TEXAS — Texas House Speaker Dade Phelan said he wants a more piecemeal approach to the elections bill during a special session. 

"I've never been a big fan of big omnibus bills to begin with," he said in an interview on Capital Tonight. "I would prefer, this is my personal opinion, in the next special session, that maybe those ideas are broken up into single shot bills and people can have a little more idea what's in the legislation." 

Phelan's comments came after House Democrats walked out of the chamber late Sunday night blocking passage of Senate Bill 7, a Republican priority elections bill that would overhaul voting in Texas. 

Gov. Greg Abbott recently vowed to veto a section of the state budget that funds the Legislature in response to the walkout. Phelan said Tuesday he has concerns with how that would affect staff and legislative agencies. 

"I understand his frustration," he said. "The one that does concern me, now that I've had time to think about it, is my staff. We have to consider that. They're not the ones who are responsible for the frustration." 

Phelan said under the State Constitution, lawmakers would still get paid their $600 a month salary even if Abbott carried out the veto. 

Gov. Abbott has said he'll call lawmakers back for a special session to address the elections bill, among other items. Lawmakers were already expected to be back in the fall to redraw political maps. Abbott has not specified if he'll add an additional special session or put it all on the fall agenda. 

When asked whether there were additional items he'd like to see added, Phelan pointed to criminal justice and health care reforms and going further on overhauling the state's electrical grid following February's deadly winter storm.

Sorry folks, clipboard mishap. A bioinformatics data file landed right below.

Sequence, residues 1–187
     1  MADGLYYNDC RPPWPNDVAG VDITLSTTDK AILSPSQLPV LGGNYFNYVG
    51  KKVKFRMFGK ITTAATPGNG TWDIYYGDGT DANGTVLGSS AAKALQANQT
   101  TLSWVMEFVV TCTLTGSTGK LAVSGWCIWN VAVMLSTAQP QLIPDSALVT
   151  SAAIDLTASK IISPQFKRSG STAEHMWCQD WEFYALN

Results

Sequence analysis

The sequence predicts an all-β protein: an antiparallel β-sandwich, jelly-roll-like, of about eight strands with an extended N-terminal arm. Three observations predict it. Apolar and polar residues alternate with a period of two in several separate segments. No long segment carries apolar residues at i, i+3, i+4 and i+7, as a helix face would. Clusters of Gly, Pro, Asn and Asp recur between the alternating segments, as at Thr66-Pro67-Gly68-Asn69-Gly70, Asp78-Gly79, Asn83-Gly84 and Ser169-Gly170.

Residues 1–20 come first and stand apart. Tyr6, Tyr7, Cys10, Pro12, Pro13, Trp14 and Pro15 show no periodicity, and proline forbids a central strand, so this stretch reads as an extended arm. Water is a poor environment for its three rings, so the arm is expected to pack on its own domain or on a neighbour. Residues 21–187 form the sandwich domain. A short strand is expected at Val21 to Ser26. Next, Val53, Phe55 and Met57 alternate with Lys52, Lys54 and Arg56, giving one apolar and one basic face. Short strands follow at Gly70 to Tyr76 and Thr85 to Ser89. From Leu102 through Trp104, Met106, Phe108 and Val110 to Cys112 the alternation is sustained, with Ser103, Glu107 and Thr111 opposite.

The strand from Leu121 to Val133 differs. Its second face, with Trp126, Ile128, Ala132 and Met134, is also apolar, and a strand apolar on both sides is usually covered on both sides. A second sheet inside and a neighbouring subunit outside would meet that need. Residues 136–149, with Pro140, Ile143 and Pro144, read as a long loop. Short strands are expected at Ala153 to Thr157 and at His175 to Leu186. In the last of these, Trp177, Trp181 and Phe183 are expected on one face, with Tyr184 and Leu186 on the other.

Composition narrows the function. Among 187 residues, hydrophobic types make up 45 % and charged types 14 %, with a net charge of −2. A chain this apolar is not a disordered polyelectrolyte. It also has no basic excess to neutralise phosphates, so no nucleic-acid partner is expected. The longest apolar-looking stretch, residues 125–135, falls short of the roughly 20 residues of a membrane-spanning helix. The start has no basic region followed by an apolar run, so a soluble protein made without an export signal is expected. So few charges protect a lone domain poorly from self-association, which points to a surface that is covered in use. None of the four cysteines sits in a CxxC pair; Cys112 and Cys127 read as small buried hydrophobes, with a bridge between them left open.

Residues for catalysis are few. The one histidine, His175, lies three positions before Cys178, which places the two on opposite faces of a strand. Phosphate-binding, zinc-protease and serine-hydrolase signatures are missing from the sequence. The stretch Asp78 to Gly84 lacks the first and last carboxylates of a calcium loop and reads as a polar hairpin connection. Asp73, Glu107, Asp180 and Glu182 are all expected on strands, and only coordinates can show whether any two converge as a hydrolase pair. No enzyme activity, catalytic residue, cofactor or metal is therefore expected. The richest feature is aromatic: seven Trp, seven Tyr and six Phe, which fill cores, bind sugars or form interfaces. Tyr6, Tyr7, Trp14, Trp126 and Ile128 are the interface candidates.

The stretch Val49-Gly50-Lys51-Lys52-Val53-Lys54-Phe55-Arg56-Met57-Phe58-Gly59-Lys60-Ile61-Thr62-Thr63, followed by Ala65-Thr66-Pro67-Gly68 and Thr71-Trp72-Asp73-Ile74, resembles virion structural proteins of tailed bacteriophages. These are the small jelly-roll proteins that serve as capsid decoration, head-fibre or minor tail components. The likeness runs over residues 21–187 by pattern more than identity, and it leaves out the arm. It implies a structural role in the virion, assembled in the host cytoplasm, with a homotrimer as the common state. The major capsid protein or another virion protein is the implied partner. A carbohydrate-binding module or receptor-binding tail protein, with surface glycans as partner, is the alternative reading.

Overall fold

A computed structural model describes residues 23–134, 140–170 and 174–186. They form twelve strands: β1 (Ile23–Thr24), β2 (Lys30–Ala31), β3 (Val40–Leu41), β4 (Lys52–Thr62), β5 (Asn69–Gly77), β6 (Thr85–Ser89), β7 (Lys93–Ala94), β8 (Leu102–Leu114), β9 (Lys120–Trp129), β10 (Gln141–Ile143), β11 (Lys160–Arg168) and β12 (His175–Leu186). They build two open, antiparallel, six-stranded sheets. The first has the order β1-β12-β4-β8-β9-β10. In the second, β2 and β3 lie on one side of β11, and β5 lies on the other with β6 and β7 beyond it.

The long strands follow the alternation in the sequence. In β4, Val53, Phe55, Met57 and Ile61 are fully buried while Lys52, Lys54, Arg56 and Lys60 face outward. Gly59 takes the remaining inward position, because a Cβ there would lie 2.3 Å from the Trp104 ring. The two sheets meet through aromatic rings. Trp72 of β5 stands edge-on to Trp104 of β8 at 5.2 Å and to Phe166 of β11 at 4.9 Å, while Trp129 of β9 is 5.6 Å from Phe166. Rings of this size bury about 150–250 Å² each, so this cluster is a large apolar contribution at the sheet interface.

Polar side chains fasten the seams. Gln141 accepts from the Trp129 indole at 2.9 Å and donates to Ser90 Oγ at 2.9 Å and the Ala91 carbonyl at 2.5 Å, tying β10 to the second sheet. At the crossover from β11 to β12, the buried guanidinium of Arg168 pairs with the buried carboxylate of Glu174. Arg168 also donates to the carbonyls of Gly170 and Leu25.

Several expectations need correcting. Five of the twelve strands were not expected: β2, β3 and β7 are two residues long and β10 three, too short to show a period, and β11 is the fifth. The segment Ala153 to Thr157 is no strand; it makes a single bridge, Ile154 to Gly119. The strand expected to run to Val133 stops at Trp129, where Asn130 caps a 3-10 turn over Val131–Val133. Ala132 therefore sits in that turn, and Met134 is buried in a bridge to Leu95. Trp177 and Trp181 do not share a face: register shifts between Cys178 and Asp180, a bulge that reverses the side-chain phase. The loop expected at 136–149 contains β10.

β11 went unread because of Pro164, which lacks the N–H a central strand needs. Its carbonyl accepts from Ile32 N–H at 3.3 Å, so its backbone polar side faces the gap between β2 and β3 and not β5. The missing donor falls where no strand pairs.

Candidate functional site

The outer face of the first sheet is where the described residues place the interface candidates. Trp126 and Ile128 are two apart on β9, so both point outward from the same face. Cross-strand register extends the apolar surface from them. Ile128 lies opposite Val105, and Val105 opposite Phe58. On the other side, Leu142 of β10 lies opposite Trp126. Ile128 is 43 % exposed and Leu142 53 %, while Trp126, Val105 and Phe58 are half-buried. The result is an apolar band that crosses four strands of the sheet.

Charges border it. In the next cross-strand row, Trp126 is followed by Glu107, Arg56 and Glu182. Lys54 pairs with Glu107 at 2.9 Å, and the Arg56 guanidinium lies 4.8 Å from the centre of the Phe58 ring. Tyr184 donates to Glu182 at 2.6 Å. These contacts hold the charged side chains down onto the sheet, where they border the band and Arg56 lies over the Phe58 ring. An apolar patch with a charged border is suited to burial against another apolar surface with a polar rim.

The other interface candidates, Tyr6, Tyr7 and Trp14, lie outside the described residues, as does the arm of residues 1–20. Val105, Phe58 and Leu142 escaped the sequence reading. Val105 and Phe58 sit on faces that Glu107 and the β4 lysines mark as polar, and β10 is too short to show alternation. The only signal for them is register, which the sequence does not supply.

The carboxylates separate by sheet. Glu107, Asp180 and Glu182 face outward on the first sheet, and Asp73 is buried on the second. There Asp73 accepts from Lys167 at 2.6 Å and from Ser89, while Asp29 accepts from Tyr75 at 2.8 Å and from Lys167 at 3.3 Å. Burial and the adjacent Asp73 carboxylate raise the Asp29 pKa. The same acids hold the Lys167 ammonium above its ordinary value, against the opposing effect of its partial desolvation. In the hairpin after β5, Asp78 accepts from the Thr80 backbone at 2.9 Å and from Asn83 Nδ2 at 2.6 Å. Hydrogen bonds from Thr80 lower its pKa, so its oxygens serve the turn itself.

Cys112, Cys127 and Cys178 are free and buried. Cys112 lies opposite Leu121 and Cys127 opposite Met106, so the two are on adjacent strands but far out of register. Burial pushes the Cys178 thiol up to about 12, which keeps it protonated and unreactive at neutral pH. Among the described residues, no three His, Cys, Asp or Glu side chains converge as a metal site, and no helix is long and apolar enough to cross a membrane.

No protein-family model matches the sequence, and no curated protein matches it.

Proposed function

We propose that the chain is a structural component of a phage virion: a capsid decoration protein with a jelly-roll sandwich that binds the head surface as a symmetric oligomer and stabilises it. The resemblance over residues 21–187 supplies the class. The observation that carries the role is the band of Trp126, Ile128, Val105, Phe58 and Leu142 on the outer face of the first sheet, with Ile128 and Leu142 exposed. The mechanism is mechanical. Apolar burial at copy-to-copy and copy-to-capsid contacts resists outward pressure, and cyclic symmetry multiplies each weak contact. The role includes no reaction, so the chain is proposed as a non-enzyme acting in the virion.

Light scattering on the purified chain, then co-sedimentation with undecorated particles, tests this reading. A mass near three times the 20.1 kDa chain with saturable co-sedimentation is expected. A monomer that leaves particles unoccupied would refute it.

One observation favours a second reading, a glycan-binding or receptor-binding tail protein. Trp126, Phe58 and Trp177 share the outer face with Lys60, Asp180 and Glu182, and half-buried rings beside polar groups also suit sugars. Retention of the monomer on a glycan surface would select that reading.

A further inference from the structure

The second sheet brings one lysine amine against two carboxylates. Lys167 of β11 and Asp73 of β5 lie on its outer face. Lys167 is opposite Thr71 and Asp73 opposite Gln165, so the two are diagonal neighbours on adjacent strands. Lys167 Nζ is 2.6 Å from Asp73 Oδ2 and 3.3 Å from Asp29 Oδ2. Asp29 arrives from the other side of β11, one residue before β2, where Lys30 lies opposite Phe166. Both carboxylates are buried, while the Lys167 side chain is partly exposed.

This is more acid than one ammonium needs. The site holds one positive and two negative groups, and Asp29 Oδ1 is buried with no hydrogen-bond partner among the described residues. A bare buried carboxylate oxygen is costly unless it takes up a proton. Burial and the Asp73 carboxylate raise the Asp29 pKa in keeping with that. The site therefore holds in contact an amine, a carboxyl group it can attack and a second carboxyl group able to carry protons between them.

"Responding to [Winter Storm] Uri may take more than the time we had — the 40, 50 days we had to get legislation passed," he said. “We made great strides, great progress in a very short period of time. But there's always time to do more and I think when we get down to the securitization, that's one thing both chambers couldn't agree on and also a very complex issue. But we want to make sure the ratepayers and the taxpayers don't foot the bill." 

Phelan would not give himself a grade for his first term as speaker, but said he's planning to run for a second term. 

"I can just tell you that I've received a lot of support from my colleagues both yesterday and since then to remain as speaker and return next session," Phelan said. "I felt like we delivered in a really responsible way."  

Click the video link above to watch our full conversation with Speaker Phelan. ​